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Commenting on the tax credit debate taking place in Parliament, Deputy Director of the Adam Smith Institute Sam Bowman said:
Working tax credits are the best form of welfare we have, and cutting them would be a huge mistake. The government has long claimed to want to make work pay for everyone, but cutting tax credits would disincentivise work and hurt those at the bottom of society.
Contrary to the government’s claims, the National Living Wage will do little to help those affected by these cuts and, according to the Office for Budget Responsibility, it risks adding insult to injury by pricing tens of thousands of workers out of the labour market altogether.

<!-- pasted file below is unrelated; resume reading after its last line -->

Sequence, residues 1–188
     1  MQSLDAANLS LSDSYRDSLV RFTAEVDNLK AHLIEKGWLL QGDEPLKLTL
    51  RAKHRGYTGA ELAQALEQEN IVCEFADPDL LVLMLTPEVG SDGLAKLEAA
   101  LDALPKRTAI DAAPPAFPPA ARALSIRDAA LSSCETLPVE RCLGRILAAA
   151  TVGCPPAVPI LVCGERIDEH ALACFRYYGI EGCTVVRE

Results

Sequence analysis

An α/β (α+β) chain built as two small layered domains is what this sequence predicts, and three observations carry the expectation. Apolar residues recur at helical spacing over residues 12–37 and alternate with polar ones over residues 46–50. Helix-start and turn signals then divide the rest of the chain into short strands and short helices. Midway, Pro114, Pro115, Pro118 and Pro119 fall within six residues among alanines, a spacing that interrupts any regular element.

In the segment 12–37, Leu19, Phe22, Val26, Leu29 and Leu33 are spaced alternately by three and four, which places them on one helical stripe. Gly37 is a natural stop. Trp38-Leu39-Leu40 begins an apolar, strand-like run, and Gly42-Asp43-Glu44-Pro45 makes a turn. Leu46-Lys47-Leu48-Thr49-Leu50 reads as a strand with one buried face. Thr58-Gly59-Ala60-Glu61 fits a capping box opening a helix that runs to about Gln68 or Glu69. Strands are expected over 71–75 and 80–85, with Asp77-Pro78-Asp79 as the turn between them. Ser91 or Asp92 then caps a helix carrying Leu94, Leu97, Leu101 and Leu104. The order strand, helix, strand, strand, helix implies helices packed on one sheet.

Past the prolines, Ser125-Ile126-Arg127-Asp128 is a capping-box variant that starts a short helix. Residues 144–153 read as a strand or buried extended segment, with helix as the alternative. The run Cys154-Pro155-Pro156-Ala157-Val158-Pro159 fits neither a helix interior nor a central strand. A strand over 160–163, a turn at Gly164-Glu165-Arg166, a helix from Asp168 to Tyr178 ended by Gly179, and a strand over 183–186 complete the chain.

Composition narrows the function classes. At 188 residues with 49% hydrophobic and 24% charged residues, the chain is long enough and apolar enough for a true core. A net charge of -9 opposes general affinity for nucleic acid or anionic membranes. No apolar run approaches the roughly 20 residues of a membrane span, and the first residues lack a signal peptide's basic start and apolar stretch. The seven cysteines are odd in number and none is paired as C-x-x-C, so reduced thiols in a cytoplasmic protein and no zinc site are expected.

There is little evidence that tax credits ‘subsidise’ employers, except to the extent that they make more people willing to work in the first place, creating a larger pool of workers. The politics of this looks dangerous, too: when it’s working families at the bottom of the income distribution that are being hit hardest, it’s hard to say that we are ‘all in this together’. We urge the Chancellor to rethink these cuts and find savings elsewhere instead.
Notes to Editors:
ASI publication Abolish the Poor finds that tax credits are not a subsidy to employers and offers evidence that they may induce employers to offer higher wages.
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The Adam Smith Institute is a free market, libertarian think tank based in London. It advocates classically liberal public policies to create a richer, freer world.